Dry aging beef

Discussion in 'Food Safety' started by hdbrs, Oct 13, 2015.

  1. hdbrs

    hdbrs Smoke Blower

    Something I've been kicking around lately and I'm curious if anyone has tried it. I want to place a whole ribeye in a spare fridge for 30-40 days and dry age it. Is the fan a necessity as some say while others say only keeping a constant temp of 38 to 40 degrees is a must. Anyway just curious if it's worth a try and a potential 150 dollar loss. Thanks
    Last edited: Oct 13, 2015
  2. atomicsmoke

    atomicsmoke Master of the Pit OTBS Member

  3. hdbrs

    hdbrs Smoke Blower

    That's getting beyond my skills maybe, although I could cut a bunch of steaks and save a nice 5in roast to try that. If things go as planned lol
  4. atomicsmoke

    atomicsmoke Master of the Pit OTBS Member

    I was referring to the aging and process, not necessarily the salt crusted roasting.
  5. hdbrs

    hdbrs Smoke Blower

    Oh ok! I guess as long as it doesnt smell or appear moldy you are safe? If u cut the crust and the steas have a nice color they are ok. Gonna cook one for the gf first while I conveniently "finish off last nights chicken" whenever the time comes...
  6. crazymoon

    crazymoon Master of the Pit SMF Premier Member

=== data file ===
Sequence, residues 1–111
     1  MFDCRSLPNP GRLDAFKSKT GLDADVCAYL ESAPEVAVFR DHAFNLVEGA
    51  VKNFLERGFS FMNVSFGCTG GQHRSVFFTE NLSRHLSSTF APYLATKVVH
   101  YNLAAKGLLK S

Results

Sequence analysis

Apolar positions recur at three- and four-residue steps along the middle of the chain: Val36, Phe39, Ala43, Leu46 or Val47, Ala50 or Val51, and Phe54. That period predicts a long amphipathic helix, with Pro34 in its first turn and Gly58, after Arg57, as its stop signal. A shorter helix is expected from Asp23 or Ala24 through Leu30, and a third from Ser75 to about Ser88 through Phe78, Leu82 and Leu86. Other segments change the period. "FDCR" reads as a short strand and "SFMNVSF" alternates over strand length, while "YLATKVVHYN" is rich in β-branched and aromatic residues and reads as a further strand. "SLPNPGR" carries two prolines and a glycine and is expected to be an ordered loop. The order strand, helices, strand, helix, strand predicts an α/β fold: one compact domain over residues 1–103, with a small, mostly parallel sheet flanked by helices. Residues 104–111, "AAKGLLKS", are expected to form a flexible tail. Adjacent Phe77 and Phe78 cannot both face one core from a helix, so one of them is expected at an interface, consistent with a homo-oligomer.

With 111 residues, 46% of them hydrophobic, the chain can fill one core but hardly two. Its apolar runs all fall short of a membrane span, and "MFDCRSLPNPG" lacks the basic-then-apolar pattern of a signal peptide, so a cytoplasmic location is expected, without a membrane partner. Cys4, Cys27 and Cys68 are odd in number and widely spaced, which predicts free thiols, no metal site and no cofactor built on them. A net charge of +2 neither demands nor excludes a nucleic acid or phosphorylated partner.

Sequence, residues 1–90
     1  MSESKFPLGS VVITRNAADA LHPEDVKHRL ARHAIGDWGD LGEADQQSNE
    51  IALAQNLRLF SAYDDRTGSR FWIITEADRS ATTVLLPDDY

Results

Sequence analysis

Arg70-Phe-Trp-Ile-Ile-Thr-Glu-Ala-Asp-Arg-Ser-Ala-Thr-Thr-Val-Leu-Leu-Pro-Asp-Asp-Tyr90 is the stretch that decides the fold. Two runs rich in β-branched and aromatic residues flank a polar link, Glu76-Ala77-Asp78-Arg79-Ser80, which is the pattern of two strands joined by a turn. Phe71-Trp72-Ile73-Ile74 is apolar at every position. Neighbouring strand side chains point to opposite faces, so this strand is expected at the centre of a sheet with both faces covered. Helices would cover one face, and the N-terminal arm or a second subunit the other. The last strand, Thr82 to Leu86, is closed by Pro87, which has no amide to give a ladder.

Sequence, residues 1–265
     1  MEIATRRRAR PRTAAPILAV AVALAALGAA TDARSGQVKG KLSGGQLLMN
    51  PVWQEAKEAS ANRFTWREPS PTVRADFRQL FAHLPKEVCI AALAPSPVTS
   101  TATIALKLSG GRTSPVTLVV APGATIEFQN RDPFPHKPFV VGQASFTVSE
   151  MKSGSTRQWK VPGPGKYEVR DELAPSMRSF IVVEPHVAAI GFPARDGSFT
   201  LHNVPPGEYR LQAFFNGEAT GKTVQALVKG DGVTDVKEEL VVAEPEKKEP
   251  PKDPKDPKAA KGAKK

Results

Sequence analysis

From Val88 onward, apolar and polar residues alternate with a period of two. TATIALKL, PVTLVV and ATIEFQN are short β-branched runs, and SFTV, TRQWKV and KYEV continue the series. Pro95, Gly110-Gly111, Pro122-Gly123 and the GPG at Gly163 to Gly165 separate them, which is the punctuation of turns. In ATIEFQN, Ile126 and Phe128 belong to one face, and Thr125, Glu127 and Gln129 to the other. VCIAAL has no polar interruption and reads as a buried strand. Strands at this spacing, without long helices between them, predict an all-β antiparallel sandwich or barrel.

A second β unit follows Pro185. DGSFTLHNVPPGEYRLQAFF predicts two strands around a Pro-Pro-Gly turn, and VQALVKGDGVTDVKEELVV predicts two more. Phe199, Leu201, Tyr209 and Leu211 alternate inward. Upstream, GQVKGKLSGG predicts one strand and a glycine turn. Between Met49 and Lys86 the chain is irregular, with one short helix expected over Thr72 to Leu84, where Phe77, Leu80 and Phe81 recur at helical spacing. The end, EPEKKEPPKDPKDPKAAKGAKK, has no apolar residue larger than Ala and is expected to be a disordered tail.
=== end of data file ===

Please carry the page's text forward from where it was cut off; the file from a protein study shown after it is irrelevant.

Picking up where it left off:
H, look into the Umai bag products for safe ways to dry your beef.
  7. hdbrs

    hdbrs Smoke Blower

    Only thing I don't like about those umai bags is that is more of a wet aging. Plus I've read they are a pain to seal properly. Have you ever used them?
  8. atomicsmoke

    atomicsmoke Master of the Pit OTBS Member

    I never used umai bags but from what I understand they allow water evaporation. People use them to dry cured meats. So it will still be dry aging.
  9. jirod

    jirod Smoke Blower

    I am by no means an expert, but I have done a few ribeye rolls for like 21-28 days.

    I generally either wipe them down or spray them with some lemon juice once a week or so (my cousin uses citric acid once).  It helps keep the mold off them, which make me at least feel better.  I don't know if it is a good or bad thing to do, just what I do.

    I try to keep my fridge I do that in closer to 34 or 35 degrees, again just my thing.  I can't remember what the "ideal" temp is for dry aging, but I wanted to stay as far away from 40 degrees as I could.

    Again I am by no means a professional, and there are some really good article out on the web about studies done on dry aging (as well as combining both dry and wet aging).

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